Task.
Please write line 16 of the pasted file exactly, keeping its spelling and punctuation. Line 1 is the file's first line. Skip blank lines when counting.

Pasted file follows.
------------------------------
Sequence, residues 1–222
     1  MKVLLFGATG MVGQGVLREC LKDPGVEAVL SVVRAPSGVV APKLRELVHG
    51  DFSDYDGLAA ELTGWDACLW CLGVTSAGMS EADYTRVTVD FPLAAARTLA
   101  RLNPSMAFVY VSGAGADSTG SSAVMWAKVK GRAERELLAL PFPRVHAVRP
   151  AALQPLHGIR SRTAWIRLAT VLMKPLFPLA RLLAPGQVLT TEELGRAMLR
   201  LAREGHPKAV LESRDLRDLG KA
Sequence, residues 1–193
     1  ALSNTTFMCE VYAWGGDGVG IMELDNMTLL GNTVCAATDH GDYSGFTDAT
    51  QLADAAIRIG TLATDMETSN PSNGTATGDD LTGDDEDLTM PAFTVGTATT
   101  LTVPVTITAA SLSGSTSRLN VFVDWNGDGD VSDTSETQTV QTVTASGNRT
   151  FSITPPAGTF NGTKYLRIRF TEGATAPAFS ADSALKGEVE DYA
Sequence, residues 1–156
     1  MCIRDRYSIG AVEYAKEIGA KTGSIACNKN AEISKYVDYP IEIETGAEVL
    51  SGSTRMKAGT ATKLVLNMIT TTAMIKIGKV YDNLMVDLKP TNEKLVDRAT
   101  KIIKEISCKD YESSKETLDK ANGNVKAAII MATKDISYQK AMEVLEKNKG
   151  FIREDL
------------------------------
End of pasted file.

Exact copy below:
   151  FIREDL